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Wednesday, December 7, 2016

The Couch of Life



Sometimes, practicing gratitude is very similar to digging for change in your couch. No matter how hard you dig, you just can’t find it. You have a million blessings staring you in the face. Common sense, obvious things. Things like your cozy warm house on this cold, snowy night. Things like your four kiddos, all tucked under their blankets, sleeping like angels. Things like a fridge with food in it. Things like friends and family to support you. This is your Couch of Life. You can see it, feel it, it’s right in front of you and you know you should feel gratitude just because it’s there. But sometimes you just can’t find that elusive change that’s elbow-deep in the couch cushions. Sometimes you just can’t find the gratitude you know you should feel.

Gratitude—its presence staring you in the face. And you wonder why you just don’t feel it.

Sometimes, friends, the couch is not enough. It’s not enough to sit on it and feel its comfy divets from the years of love and wear. Sometimes, although your brain knows you’re grateful for the couch, your heart feels something is missing. Sometimes, you have to scrounge under the couch cushions to find change, or a nugget of gratitude. Once in a while, gratitude is so scarce that you have to dig your fist into the side of the Couch of Life, sliding it under the cushion, twisting your fist to maneuver around the crumbs that your four darlings have smashed and past the Lego pieces that haven’t been eaten by the dogs, and dare to stick the tips of your fingers into that crack in the back of the couch that no one ever touches (because really, who knows what moist, slimy, long-forgotten-kid-thing lurks in there??). All in the name of trying to feel the gratitude. Your brain knows it’s there. Your heart seems to have forgotten. 

Which makes you feel incredibly guilty, because you see your blessings right in front of you and your brain knows your heart should feel grateful. But sometimes ‘knowing’ is not the same as ‘feeling.’
I’m having trouble finding gratitude. No matter how hard I dig, how hopeful I feel about finding a nugget of thankfulness, I can’t find any gratitude in those good ol’ couch cushions of my life. Looking at the bigger picture, I understand where my heart is coming from. But it doesn’t make me feel less guilty that I am not more grateful and happy.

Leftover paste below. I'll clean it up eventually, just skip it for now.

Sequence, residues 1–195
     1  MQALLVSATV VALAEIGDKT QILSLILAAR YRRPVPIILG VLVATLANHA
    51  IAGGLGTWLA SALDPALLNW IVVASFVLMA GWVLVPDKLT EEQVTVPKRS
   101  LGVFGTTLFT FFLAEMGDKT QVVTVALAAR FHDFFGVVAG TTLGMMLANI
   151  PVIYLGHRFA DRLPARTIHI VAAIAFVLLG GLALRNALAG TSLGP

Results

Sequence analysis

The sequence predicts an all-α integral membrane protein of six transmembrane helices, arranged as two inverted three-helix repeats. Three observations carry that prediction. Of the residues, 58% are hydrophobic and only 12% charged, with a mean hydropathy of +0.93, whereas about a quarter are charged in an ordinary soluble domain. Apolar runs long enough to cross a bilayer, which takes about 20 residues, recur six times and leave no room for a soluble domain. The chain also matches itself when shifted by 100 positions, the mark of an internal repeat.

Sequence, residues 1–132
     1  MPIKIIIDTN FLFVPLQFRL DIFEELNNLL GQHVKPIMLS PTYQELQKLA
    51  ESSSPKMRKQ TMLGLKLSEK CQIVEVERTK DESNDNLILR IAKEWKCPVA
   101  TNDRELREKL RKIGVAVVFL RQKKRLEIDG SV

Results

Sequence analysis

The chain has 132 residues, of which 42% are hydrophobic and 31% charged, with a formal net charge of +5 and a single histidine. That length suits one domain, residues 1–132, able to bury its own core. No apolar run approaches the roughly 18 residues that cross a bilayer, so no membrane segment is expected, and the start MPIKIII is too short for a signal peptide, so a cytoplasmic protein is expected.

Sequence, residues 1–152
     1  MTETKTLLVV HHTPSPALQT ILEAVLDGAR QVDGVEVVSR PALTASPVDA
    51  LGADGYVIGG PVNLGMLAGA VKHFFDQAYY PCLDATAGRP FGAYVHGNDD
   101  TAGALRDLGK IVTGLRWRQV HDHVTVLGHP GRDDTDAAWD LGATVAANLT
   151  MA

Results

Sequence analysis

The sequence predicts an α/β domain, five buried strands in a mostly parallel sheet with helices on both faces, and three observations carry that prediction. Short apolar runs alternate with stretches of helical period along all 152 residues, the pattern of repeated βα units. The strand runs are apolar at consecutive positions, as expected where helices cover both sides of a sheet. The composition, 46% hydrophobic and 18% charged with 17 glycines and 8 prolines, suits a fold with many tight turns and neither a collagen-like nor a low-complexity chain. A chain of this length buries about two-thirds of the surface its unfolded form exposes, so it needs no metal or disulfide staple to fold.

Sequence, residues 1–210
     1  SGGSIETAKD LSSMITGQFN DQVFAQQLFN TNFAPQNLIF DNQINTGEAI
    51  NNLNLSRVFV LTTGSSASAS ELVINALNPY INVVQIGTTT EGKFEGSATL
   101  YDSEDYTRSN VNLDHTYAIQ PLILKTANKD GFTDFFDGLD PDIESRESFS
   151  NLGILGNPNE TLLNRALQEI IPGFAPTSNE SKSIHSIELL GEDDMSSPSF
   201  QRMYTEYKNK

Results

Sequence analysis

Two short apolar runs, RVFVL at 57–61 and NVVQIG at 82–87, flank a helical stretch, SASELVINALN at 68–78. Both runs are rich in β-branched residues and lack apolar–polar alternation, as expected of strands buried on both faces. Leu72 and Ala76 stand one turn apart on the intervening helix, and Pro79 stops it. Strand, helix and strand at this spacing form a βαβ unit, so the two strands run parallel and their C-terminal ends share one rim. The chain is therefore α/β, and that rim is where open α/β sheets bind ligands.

In the past six months, we’ve had our life blown apart in a zillion directions. We’ve had a few major appliances break down. The van has broken down multiple times, and we have to take it in again because something is making a God-awful squeaky wail that can't be good. Kids have been sick. Alex has been sick. Doctors have been idiots. (When I say “idiots,” I just mean total dummies. It’s astounding to me how some people in this world choose to be safe and status quo rather than awesome, ground-breaking, and courageous. I’ve decided to find doctors who live up to my standards.) I’ve found out more interesting craziness about my health. Some of our extended family members have had major health issues. Alex found out he will be laid off in March because his company is outsourcing. A couple of our kids’ support team members have moved on to beautiful opportunities where they will continue to make the world a better place. (I’m so happy for our friends. I’m just sad for us, because these special people have made quite an enormous, positive impact on our lives. We’ll miss them, even as we wish them all the best in their new opportunities.) Some of our kiddos continue to struggle at school. Alex had foot surgery and was off his feet for 6 weeks. Unable to drive. Unable to do much of anything except warm up the recliner, poor guy. So “Uber Mom,” as one friend termed me, chauffeured four little darlings to all of their activities, and one big hunky darling to all of his doctor appointments, and the occasional outing to the office. Oof. That’s a lot of miles for Uber Mom. That’s a lot of everything for Uber Mom. Because this isn’t enough stress for one Mama, THEN our shower started leaking. Into the ceiling of the floor below, into the walls, down to the basement. Great. Mold, anyone? Obviously, mold is unhealthy for anyone. But when you have mold toxicity, aka Chronic Inflammatory Response Syndrome, mold is a death sentence. Or at least a “you’re going to feel really horrible and really really ill” sentence. So we’ve been scrambling to get this fixed. But because of ‘life’ and insurance agents who are slow, the repair took weeks to begin. It got underway today. But on Thanksgiving, we found that our OTHER upstairs bathroom is leaking too. *sigh* And then Aidan got sick in the middle of Thanksgiving dinner and had to come home from Grandpa and Grandma’s house because he felt like he was going to throw up or have diarrhea all over their house. *more sighs* I almost got to finish my turkey dinner. Not to mention the HUGE allergic reaction I had to something I ate at a restaurant a couple weeks ago- probably the fish. Scary.